In one case, I made an exception. I cast Mike Lookinland as Bobby, the youngest boy. He had kind of blondish hair, but he was clearly the best actor of the youngest boys. He was 6 1/2, maybe 7. He read very well, and he was the most appealing of the boys who auditioned for Bobby.
If the boys were to be dark haired, I decided we would darken Mike's hair. That's the way it turned out. I know it was an annoyance for him and gave his hair a reddish tinge. But it instantly made him one of the Brady boys. I guess that a very early age poor Mike learned you have to suffer for your art. Since very few young children have much experience, the casting would mostly be determined by the interviews, which were really just chats. That would make the kids feel more comfortable.
I was once asked by TV Guide about the number of kids I personally interviewed to find the six Brady kids. My secretary went through my files and discovered 264 interviews.
It was set up this way: I sat on a chair across from the boy or girl I was interviewing. Between us there was a coffee table. I asked the youngsters a few casual questions. "Have you had any experience in commercials, or TV, or movies, or print ads, or have you been in plays at school?" And so on.
While I was asking the kids these general questions, my coffee table served as a sort of concentration test. I placed objects on the table directly between us that might be interesting to children. There was a model fire engine, a plastic horse, a doll, and some sort of a broken object that might be puzzling to a child. I wanted to see if they would be distracted from our discussion. On a sound stage when you're filming, there are lots of fascinating things to look at. If kids lost interest in our discussion, they might also lose interest in rehearsing. I wanted children who could stay focused. If they passed that basic test (and they were a good interview), we would move on to reading a few lines with me.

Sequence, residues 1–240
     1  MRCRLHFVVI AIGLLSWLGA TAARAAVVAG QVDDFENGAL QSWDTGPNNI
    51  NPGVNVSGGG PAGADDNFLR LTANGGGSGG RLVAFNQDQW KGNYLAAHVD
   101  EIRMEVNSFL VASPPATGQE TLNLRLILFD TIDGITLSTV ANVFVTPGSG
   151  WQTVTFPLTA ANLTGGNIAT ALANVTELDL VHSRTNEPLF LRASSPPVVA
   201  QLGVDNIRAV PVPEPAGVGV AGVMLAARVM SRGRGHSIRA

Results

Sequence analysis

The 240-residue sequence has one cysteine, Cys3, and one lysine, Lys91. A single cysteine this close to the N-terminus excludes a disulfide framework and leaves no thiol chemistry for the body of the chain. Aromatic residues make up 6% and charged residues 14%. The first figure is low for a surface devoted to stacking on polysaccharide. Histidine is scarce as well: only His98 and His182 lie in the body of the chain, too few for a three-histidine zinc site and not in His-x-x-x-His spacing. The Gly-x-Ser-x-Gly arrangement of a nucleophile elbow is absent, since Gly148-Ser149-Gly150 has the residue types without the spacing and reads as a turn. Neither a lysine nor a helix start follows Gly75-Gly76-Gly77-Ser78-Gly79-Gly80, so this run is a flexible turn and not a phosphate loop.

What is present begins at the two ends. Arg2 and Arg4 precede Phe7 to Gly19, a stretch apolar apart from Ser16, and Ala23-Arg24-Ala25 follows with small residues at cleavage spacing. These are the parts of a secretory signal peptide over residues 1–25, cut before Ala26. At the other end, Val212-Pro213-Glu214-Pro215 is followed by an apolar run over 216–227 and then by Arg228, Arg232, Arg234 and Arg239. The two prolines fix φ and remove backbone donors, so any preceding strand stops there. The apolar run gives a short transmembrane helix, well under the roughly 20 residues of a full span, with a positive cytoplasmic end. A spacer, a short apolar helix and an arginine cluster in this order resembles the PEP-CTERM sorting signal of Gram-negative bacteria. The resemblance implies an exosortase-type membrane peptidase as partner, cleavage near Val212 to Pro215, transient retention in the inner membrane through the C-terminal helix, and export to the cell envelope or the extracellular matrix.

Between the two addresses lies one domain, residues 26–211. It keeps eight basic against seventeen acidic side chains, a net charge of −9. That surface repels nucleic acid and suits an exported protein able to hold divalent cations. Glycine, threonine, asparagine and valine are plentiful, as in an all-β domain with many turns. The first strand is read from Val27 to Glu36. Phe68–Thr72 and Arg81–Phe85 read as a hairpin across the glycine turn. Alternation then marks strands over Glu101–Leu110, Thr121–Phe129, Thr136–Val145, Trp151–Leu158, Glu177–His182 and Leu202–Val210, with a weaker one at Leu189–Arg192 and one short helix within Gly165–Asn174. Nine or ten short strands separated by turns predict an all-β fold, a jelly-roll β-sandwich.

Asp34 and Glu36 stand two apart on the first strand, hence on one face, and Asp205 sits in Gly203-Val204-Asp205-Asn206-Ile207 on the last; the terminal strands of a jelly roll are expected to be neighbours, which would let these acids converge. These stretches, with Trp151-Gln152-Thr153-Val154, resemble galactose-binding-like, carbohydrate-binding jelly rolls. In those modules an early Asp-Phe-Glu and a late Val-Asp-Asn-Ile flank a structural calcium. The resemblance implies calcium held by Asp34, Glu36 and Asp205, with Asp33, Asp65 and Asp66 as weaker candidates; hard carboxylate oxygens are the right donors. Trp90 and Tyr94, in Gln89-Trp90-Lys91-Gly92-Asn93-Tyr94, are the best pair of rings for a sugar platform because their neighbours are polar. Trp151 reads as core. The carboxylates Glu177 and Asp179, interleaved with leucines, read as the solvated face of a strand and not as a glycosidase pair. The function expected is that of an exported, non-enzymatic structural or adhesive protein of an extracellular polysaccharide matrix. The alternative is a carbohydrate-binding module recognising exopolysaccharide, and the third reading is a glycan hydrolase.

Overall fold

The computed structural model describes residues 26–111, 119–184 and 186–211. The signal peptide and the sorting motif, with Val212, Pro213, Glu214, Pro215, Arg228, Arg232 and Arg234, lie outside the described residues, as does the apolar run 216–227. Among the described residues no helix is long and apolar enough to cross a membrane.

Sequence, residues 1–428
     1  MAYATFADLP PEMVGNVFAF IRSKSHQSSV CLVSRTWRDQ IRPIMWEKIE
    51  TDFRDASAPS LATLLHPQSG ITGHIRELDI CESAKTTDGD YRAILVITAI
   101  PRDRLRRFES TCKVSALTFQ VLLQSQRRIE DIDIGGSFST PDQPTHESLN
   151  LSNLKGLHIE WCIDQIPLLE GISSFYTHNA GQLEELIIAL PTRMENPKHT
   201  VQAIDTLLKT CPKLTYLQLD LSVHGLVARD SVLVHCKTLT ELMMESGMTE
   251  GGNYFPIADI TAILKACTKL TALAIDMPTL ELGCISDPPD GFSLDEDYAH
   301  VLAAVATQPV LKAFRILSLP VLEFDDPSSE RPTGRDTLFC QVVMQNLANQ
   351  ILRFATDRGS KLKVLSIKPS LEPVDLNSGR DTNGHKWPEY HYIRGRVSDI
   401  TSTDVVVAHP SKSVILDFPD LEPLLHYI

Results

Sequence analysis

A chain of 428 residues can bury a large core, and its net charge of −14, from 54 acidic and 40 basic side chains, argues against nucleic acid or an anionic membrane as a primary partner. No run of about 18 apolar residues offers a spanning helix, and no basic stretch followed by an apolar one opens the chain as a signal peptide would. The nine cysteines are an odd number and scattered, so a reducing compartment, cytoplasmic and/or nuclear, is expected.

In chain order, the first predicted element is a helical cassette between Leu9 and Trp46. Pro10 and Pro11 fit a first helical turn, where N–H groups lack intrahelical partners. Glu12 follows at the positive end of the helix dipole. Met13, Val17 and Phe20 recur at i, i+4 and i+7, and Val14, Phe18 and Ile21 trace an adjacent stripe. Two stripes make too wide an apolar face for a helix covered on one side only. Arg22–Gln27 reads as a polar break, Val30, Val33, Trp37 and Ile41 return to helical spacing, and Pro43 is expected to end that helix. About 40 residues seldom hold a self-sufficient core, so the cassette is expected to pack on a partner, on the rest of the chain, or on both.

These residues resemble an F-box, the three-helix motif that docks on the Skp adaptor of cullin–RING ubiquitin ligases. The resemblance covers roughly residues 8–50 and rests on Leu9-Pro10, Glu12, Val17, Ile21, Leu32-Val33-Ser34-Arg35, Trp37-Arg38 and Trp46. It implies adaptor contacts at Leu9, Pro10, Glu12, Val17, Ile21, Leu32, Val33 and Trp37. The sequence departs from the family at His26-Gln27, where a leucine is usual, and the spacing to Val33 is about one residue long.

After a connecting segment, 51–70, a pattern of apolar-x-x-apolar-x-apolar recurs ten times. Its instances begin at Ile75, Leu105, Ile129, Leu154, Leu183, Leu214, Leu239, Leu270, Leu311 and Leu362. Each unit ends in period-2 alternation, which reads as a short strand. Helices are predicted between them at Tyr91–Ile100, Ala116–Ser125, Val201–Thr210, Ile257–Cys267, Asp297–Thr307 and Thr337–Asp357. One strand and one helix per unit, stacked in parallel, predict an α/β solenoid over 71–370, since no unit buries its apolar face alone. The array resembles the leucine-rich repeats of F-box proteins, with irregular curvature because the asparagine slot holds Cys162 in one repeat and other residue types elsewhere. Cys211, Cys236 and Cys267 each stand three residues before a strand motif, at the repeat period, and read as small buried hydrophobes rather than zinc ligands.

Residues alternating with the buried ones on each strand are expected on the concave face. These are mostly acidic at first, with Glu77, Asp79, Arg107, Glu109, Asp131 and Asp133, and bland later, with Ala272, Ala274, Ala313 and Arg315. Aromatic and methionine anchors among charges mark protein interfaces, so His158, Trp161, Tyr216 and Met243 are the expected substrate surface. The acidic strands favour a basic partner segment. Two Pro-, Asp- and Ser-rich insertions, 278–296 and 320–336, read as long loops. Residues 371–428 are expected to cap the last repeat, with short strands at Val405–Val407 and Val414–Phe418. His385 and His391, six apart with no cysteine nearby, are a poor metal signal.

In addition to being good actors, none of the Brady kids you have been watching for all these years played with anything on the table.
For some reason, the girls were easier to cast. Maureen looked like she would grow up really beautiful, and that certainly could become part of her character. Eve, the middle girl, was very pretty but sounded like she could easily be provoked, and Susan was just as cute as can be. And she had a lisp that made her even cuter.
Barry had a sense of maturity beyond his years; Chris had a devilish side that I found very appealing, and Mike had an enthusiastic energy that made him instantly likeable. You can understand that it has been a long time since those original interviews, and trying to remember what made each of them stand out isn't easy. I know I was taken with the ones I picked, and I dare say their lives have changed considerably because they were in my office for casting.
The one interview that does stand out in my mind was Susan Olsen's. She came in and started describing a recent role she had on "Gunthmoke." That's how she said it. And yes, the lisp was real. She told me about how she got to ride a "horth," and that there was a "thnake." She was adorable, and she got to be "Thindy" based on that brief meeting. Later, I heard that people thought that I forced her to lisp. With Susan, as with all the kids, we just took who they were and that became their characters.